A globetrotting investigation into the biggest new idea in international development.
This article was originally published in The Atlantic.
By Roger Thurow
Barjwinya, UGANDA—In this tiny village in northern Uganda, Esther Okwir heard something she could barely believe: Her child could be the country’s president one day.
Esther, a 22-year-old who was five months pregnant, sat on the cement floor of a veranda at the Ongica Health Center on a sweltering afternoon, squeezed under a tin awning with several dozen women who had come to the spartan clinic from miles around. About half of them were also pregnant, some poised to deliver any day, and the others cradled and breastfed newborn babies.
Proper nutrition in the earliest years of life can profoundly influence your ability to grow, learn, and work.
The 1,000-day period from the beginning of pregnancy to a child’s second birthday “will determine the health of your child, the ability to learn in school, to perform at a future job,” Susan Ejang, the midwife at the clinic, told the women, adding that proper nutrition for the mother and child, as well as good sanitation and hygiene, are vital to prevent stunting of the body and brain. She spread her arms wide, as if to embrace all the women on the porch. “Yes,” she insisted, “if you take good care, the next president of the country may come from this group.”
Esther had been dreaming a bit more modestly. She hoped her child would get a good education and be successful in business. But the president of the country? Well, why not? “That would really be something,” she said.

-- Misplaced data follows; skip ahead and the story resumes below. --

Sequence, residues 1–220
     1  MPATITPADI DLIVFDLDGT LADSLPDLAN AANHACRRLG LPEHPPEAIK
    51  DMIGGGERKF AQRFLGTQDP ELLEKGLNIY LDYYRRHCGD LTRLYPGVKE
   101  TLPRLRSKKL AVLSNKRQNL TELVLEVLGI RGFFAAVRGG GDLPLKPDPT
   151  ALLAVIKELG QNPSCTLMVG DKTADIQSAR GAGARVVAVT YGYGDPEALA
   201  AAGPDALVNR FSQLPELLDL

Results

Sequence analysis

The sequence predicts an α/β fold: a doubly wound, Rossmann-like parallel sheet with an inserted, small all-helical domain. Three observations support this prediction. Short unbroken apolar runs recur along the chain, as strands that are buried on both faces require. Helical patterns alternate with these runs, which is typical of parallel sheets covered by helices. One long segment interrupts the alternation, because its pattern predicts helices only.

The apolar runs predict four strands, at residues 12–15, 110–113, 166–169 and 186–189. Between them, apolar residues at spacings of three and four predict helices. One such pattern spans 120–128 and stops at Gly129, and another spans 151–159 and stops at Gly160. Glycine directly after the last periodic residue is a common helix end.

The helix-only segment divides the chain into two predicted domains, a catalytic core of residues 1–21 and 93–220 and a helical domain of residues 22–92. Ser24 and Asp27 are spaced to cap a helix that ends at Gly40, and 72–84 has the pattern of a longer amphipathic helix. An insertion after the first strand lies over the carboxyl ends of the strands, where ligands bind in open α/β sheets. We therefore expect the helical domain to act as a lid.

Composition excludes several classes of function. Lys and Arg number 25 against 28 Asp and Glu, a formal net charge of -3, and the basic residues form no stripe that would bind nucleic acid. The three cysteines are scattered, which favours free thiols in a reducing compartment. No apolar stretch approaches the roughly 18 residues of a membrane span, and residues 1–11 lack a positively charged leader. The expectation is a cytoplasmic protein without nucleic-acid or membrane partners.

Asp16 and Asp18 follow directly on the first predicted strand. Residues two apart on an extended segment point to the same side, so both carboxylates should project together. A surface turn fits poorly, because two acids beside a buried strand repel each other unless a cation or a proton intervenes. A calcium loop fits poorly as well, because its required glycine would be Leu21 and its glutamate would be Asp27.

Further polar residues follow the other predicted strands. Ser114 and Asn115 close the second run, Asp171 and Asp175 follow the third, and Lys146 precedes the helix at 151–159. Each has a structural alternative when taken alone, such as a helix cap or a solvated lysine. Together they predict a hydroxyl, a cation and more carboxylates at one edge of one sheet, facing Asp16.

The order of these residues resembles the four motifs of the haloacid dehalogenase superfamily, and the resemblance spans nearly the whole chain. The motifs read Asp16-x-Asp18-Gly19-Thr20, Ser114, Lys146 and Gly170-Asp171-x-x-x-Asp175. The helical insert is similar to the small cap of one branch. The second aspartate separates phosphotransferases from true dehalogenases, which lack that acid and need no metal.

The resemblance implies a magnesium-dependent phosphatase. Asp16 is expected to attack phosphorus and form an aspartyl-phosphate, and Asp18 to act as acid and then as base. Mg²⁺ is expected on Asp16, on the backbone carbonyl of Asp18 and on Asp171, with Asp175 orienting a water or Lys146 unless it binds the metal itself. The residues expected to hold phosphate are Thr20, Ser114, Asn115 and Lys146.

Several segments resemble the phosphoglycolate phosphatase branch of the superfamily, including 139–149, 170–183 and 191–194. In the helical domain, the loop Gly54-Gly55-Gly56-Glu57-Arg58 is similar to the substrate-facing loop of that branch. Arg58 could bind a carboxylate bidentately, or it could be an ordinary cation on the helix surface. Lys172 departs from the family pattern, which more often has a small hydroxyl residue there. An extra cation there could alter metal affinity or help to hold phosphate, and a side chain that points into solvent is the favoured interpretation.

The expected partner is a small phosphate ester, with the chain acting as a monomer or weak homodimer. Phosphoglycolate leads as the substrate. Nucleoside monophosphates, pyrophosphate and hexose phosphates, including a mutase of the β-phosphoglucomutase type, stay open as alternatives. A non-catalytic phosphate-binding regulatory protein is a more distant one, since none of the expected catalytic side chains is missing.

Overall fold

The midwife’s message—that in the first 1,000 days parents’ ambitions for their children begin to be fulfilled, or dashed—has become one of the biggest new ideas in international development, as economists, academics, doctors, politicians, and aid workers discover the profound ways in which proper nutrition in the earliest years of life can influence an individual’s ability to grow, learn, and work—and determine the long-term health and prosperity of families, nations, and the world as a whole.
In my reporting on the importance of the 1,000 days, which has taken me through India, Uganda, Guatemala, and the United States over the past year, I have heard nutritionists and health workers deliver the same messages to groups of mothers, whether gathered under trees or in living rooms. They come armed with colorful posters of food pyramids and nutrition guidelines, teach cooking methods that emphasize high-nutrient diets, and preach sound hygiene to ward off parasites and illnesses that sap the body of vital nutrients. I’m also seeing this basic education translate into action on a number of fronts: agriculturally (diversifying farming by growing more nutrient-rich crops for household consumption), domestically (maintaining cleaner living environments), and culturally (challenging ingrained behaviors such as the practice in many societies of women eating last at mealtime even when they are pregnant or breastfeeding).
“Interventions after that second birthday make a difference, but often cannot undo the damage that was done.”
In 2010, former U.S. Secretary of State Hillary Clinton and her Irish counterpart, Micheál Martin, launched the Scaling Up Nutrition (SUN) initiative and the 1,000 Days: Change a Life, Change the Future movement, an effort that unites governments, civil society, businesses, universities, foundations, and international humanitarian organizations to combat malnutrition. “Undernutrition is a major problem for which we have basic, affordable solutions,” Clinton explained at the time. “Interventions after that second birthday make a difference, but often cannot undo the damage that was done because of the undernutrition during the first 1,000 days.” Since then, 50 countries have joined the initiative, and I’m finding that the realities of SUN are dawning not only on mothers, but also on their husbands and mothers-in-law, who often dictate household behavior and child-rearing practices.